Apple and Google moved fast to develop a COVID-19 contact-tracing solution that was both smart and privacy conscious. Unfortunately, more than six months after the companies announced the cross-platform approach to contact tracing, few places in the United States use it.
It’s a tough lesson for the world’s biggest tech company. And one that everyone is a little bit poorer for having learned.
Whether you’re the biggest fanboy or fangirl on the planet or the most suspicious antitrust regulator, there’s something everyone agrees on when it comes to Apple: Cupertino’s ecosystem works. Apple took the Alan Kaye vertical integration idea — that companies serious about software also build their own hardware — and ran with it all the way to the bank.
As Steve Jobs once said, Apple products just work. An iPhone communicates great with an iPad. An iPad speaks nicely to a MacBook. Apple Music plays on everything. It’s all perfectly presented in retail thanks to Apple stores. And, hey, you can even buy things with an Apple Card if you want.
Apple builds it all and, as a result, it fits together perfectly in a way that makes the very complex seem ridiculously simple.
The limits of solutionism
Tech’s belief in what writer Evgeny Morozov calls “solutionism” often shows up when companies take this idea of streamlined, one-click fixes and try to apply it to solve real-world problems. It’s unfair to describe it as naivety. However, it highlights how the messiness of the real world comes into conflict with the “it just works” mantras of Silicon Valley. As the most valuable tech company in history, Apple represents the achievements of Silicon Valley better than most — even if it’s an outlier in many of the ways that it operates.
But the coronavirus contact-tracing debacle shows that vertical integration doesn’t work in every scenario. Apple moved quickly when, in April, it announced that it had teamed up with Google (the company it once wanted to go to thermonuclear war against) to develop a contact-tracing tool that would, very smartly, alert users if they’d come in contact with infected individuals — without compromising privacy.
Apple’s Exposure Notifications system was smart, elegant and speedily implemented. All authorities needed to do was use the API to build their own local apps. Widespread adoption could make the manpower-intensive task of traditional contact tracing — which requires armies of trained staffers to locate and notify people potentially exposed to an infected person — much more manageable. Properly implemented, it could happen practically automatically for anybody carrying an iPhone or Android device with the app installed.
Did that happen? Mostly no.
COVID-19 contact tracing faces challenges
First there were the misguided fears about what exactly had been developed by the tech titans. Even with those worries mostly allayed, however, things haven’t been smooth sailing for Apple and Google’s COVID-19 contact-tracing solution.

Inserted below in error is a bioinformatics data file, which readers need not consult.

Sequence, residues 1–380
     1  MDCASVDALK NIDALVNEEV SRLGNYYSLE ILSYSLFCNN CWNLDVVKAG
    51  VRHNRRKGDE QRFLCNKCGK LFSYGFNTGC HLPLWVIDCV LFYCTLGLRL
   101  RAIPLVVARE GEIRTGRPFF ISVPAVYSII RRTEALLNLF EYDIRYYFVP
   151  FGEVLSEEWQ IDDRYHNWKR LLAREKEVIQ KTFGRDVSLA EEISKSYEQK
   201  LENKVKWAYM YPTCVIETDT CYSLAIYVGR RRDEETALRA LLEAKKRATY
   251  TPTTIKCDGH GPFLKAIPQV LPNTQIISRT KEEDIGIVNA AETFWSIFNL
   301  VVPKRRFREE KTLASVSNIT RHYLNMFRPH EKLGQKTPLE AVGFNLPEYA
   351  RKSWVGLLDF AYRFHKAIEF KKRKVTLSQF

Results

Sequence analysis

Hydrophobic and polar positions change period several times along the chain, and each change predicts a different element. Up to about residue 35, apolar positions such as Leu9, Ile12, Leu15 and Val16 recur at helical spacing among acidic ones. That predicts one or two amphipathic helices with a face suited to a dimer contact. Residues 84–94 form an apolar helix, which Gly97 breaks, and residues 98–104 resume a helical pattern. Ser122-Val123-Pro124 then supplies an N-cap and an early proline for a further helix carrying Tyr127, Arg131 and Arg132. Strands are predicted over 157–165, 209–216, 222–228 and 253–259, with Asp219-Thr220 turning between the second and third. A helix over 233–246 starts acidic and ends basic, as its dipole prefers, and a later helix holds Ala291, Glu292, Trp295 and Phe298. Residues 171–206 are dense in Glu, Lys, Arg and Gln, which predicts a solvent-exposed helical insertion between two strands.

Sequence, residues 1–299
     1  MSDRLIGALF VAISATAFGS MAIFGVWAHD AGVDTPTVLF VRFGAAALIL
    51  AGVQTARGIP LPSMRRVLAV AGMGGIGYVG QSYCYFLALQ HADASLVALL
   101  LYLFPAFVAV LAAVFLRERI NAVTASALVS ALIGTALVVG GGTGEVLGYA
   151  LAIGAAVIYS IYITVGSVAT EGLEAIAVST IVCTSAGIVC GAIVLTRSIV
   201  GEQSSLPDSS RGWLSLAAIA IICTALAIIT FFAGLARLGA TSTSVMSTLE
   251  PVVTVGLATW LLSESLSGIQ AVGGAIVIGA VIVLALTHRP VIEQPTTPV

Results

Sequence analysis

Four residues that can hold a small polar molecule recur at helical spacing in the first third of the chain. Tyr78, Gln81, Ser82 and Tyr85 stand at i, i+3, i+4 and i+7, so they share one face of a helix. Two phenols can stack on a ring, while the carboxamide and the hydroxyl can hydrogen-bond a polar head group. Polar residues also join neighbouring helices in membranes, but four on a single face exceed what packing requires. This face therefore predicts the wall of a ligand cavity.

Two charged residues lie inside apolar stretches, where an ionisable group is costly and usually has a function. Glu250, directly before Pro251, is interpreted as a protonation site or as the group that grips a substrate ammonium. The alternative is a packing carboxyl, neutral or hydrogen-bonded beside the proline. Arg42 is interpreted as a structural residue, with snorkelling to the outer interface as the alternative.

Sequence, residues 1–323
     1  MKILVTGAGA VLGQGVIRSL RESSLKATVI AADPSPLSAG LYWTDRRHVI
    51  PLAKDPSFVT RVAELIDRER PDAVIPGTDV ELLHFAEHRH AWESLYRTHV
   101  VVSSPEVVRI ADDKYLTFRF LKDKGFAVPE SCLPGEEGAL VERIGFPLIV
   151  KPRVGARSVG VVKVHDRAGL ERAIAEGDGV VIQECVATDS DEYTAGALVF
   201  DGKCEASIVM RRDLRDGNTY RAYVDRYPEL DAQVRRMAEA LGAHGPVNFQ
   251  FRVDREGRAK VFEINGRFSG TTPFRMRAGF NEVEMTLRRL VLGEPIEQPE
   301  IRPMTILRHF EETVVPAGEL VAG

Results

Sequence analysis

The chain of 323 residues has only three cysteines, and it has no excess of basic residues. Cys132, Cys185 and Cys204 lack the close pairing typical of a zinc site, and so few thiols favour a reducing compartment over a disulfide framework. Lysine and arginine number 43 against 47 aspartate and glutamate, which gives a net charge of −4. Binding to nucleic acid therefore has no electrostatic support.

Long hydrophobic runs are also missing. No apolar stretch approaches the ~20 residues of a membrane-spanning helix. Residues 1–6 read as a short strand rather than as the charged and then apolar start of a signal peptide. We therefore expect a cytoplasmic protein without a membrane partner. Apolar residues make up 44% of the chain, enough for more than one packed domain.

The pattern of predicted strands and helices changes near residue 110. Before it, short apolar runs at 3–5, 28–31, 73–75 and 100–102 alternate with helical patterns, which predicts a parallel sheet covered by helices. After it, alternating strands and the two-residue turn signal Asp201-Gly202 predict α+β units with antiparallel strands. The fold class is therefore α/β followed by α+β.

Here’s David Uberti writing for The Wall Street Journal this week:
“Months after a burst of optimism about the potential for technology to help track the spread of Covid-19, a hodgepodge of mobile phone apps around the U.S. has yielded unclear results amid inconsistent policies and usage.
Ten states and Washington, D.C., have launched apps that notify users of exposure to infected people through a development framework built by Alphabet Inc.’s Google and Apple Inc. Eleven more are either piloting or building such tools.
But the lack of a national strategy — unlike in many European countries that have adopted such apps — adds a hurdle to making sure the tools work across state lines as case counts tick upward, tech and public health experts say.”
A graphic published with the article makes clear just how few states have adopted Apple and Google’s contact-tracing tool so far. The states that are using it, colored green, look like little more than a halfhearted smudge on a map that is otherwise pink to show no app whatsoever. A few places are trying two apps because, obviously, two is better than one. (Or some such nonsense.)
Apple, for its part, continues to improve its coronavirus response tools. On Thursday, it updated its accompanying COVID-19 screening app, adding new questions to help users work out symptom severity and more. But its biggest, most transformative effort — the contact-tracing tool built into iOS — continues to be frustratingly ignored.
Don’t blame Apple
Is it smart to blame Apple for the lack of success of contact-tracing apps? No, that would be ridiculous. However, it does show the challenges that Apple faces as it moves beyond putting a dent in the universe through making really attractive computers and smartphones, and into putting a dent in the universe by, say, lending its considerable resources to helping stop the spread of a pandemic. Apple can lead a horse to water, but it sure as heck can’t make it drink.
Apple CEO Tim Cook previously said Apple’s greatest contribution could wind up being in the health field. Based on genuinely impressive efforts like the potentially lifesaving Apple Watch, that looks possible. But when it comes to challenges like, say, tracking the spread of the virus that causes COVID-19, or simplifying and unifying health records for everyone, it seems like things don’t “just work” after all.
There may be an app for that, but the world’s no cosy Apple ecosystem. And we may all be the worse for it.